Billions of years ago, when the earth was cooling and a few tiny amoebae started their sexy little single-cell dance in a pool of water, Carnegie Mellon University Professor Jesse Schell talked about the future beyond Facebook games. Well, at least two years in Web time seems that long on the evolutionary timeline. Professor Schell is the creative mastermind behind Schell Games, and the guy is an absolute monster when he shares his thoughts on the future of gaming. Please take a few minutes to watch the insanity this man slips into when talking about the potential of gamification on our lives:
So what's the magic "killshot" for gamification?
There are a number of things at play here. Foremost - a lovely bit of insanity, but I digress (yeah, yeah … I know … takes one to know one).
The greater issue in this presentation is human behavior. And at its core is time-investment. We spoke of the rules of gamification in our last post, and we outlined the “Learn as You Go” approach to increasing complexity and value in the game’s construct. The other measurements of ultimate success, and I assure you they are primary metrics for PopCap and Zynga, are dwell-time and repeat visitation.
All games, blogs, social networks and applications have to surpass (survive) the point of no return. It’s the point where a user no longer wants to look for something else because they understand, enjoy and have placed a great amount of time and (often personal/loyalist) investment into the intellectual property.
That is the pot of gold.
We all use Facebook. And let's face it, Google+ has not (at least at the point of this post) given me a solid reason to jump ship. Much of that is due to my current time investment and the following I've accrued on Facebook.
When you add the "trust" factor that exists when my friends, fans and followers also support the same social platform – I move from fan to loyalist. That’s right; we all become literal, unknowing, sales-tool zombie drones for the company. Awesome!
I say awesome as I'm an interactive, social media, storytelling professional. If I can get you to this unknowing nirvana, then we all win. You get a great experiential product or content, my client gets ROI, my agency wins awards, and I might even get to keep my job.
Next to valuing the time investment is the most primal emotion of all – fear.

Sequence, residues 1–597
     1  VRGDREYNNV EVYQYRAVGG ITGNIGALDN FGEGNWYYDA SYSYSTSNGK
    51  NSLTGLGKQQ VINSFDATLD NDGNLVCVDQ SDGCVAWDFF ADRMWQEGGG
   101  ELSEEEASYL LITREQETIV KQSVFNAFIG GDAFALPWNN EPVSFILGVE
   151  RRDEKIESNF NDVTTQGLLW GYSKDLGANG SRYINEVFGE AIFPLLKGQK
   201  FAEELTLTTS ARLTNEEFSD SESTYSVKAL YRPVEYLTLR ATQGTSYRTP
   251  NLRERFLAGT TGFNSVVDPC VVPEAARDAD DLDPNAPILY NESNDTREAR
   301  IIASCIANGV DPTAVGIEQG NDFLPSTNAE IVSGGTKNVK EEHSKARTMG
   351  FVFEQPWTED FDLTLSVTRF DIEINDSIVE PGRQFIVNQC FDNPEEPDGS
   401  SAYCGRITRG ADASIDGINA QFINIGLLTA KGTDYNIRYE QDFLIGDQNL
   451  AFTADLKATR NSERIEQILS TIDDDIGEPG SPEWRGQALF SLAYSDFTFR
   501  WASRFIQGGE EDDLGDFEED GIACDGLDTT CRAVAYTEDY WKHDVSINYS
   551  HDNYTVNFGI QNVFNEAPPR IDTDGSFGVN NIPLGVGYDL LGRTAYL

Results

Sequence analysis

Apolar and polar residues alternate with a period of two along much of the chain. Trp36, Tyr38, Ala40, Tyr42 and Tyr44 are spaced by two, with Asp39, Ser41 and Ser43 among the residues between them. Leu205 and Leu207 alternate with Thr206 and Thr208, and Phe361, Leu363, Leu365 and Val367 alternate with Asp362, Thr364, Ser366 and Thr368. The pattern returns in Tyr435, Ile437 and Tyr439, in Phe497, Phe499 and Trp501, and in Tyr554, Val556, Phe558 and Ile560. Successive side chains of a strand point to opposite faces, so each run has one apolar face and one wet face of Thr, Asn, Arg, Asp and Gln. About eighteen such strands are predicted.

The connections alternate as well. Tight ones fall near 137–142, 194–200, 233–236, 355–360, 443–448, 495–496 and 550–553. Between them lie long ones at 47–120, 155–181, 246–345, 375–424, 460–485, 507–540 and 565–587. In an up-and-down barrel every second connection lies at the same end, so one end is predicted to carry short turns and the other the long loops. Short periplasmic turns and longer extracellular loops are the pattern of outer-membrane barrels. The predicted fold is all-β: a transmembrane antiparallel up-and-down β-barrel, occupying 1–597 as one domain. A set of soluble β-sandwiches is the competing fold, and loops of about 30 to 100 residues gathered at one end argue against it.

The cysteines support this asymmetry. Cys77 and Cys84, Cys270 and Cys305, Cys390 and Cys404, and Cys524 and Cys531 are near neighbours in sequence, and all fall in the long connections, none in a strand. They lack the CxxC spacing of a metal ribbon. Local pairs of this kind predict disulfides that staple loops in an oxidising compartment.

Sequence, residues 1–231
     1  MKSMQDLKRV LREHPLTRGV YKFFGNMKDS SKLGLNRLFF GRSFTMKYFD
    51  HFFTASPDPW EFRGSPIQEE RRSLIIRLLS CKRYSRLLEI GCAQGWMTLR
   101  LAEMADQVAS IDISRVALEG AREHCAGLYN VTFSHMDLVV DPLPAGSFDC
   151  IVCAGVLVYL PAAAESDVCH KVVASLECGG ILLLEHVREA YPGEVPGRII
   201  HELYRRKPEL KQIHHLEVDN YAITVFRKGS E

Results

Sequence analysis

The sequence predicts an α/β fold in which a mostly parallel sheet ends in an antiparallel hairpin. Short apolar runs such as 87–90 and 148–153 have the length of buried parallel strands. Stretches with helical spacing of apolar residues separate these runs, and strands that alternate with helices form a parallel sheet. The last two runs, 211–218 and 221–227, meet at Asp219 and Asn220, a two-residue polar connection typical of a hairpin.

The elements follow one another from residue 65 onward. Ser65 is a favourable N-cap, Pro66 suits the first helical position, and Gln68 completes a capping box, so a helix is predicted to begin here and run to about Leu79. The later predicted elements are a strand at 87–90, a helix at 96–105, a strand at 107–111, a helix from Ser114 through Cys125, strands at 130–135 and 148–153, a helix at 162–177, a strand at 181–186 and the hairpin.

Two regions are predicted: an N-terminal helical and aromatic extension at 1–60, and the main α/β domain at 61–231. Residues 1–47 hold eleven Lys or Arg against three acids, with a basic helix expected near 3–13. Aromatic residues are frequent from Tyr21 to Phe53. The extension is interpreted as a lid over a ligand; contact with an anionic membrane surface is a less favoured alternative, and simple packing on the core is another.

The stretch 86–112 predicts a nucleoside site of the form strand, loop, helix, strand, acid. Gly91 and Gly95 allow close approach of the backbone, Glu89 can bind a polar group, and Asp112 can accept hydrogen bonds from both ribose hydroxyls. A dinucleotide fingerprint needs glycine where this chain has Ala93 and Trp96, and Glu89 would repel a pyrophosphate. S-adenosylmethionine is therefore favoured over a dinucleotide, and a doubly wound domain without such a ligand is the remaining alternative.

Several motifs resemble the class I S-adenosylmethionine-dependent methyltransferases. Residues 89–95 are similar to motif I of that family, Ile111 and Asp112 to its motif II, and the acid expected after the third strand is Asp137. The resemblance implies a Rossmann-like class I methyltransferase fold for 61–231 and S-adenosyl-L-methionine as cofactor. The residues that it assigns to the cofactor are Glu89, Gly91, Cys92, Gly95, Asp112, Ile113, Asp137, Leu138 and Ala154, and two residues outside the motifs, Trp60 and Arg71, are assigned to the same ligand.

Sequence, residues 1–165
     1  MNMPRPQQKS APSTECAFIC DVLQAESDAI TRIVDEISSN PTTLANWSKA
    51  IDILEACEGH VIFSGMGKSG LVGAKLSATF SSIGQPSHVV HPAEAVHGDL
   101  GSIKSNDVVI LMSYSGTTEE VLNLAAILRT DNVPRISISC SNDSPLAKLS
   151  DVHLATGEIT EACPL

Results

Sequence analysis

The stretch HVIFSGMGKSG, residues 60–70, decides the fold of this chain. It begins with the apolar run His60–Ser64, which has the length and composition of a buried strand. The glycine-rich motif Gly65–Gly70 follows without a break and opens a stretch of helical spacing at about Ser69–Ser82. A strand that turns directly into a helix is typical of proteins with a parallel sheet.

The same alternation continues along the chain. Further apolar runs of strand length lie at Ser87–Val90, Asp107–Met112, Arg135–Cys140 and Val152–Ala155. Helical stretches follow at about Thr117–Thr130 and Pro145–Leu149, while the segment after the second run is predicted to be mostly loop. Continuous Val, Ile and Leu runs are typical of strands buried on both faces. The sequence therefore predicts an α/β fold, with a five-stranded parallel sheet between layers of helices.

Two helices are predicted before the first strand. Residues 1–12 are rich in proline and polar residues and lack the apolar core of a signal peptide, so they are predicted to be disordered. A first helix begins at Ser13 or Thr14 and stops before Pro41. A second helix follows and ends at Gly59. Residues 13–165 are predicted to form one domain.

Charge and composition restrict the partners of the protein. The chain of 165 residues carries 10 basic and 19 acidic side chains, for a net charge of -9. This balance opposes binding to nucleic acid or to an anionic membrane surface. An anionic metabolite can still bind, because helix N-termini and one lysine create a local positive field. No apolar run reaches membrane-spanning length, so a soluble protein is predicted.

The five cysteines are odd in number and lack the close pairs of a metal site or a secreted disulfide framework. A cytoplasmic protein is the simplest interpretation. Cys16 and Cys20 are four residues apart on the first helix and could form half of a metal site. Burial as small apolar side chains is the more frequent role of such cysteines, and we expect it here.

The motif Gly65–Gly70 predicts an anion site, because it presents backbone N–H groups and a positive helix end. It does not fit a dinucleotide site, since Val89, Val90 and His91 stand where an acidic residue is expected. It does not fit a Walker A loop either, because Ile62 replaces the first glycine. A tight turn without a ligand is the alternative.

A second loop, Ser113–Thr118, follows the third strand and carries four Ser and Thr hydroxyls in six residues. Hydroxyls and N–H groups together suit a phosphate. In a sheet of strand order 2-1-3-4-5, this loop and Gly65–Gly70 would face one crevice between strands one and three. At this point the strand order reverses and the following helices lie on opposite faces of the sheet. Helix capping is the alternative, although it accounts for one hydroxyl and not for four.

But these are just games, Justice!
Right, they are just games. But fundamentally, why do we play them? To win. Inject the cancer of competition and you have the winning combination from hell: “I can't leave this game because I'm afraid if I do I will lose to someone. WORSE! It could be someone I know!”
By now you probably wonder how I can argue that collecting badges on Foursquare is competitive. True, it's not Madden Football where you have some smack-talking bitch of a friend giving you shit for the high score he took from the Zaxxon machine in the local arcade two-and-half decades ago.
No...I'm not bitter.
But there's always a level of betterment that is obtained when you know your trusted F3s (friends, fans & followers) are involved. What feels like fun is actually sitting on the rock-solid concrete slab of fear.
The magic 8-ball says?
As you all may know, every year I prognosticate on what I think will happen the following year. Other than an extraterrestrial race of robot bears enslaving the human race, I will say this about next year: Make it fun.
One thing I learned while working on the Little Debbie account is that in a down economy, no one wants to hear, see or worry more than necessary. And a snack cake can make even the darkest times just a little better.
Social gaming and gamification are at the perfect tipping point to be considered expectations rather than exceptions. Not in all things, of course. But think about what tasks, processes or mundane daily events (going to the grocery store?) could be fun with the right technology. Foursquare tapped into it with geo-location and piggybacking on the GPS. Nike did the same with Nike+.
Whenever you can turn the ordinary into extraordinary, you will have exponential success.
To further your understand past my little posts, I highly recommend the following links to websites and content specializing in gamification.
Gamification/Funware service providers:
- http://www.devhub.com/ (CMS with Funware services)
- http://gamify.com (in alpha)
Education and Content Resources:
- http://gamification.org/ (gamification wiki)
Brands Using Gamification:
Articles & presentations:
- Framework for designers
- For Marketers
- Desiging for engagement
- How to gamify in 5-steps
- Game Economics Infographic
- Mashable on Gamification
- Mashable on Gamification Marketing
- On game mechanics
- Turning work into play
I hope this helps. I'd loved to hear your thoughts on the games you play ;) And let me assure this is my last gamification post (at least for a while) so you're safe to come back and play! Looking forward to hearing from you!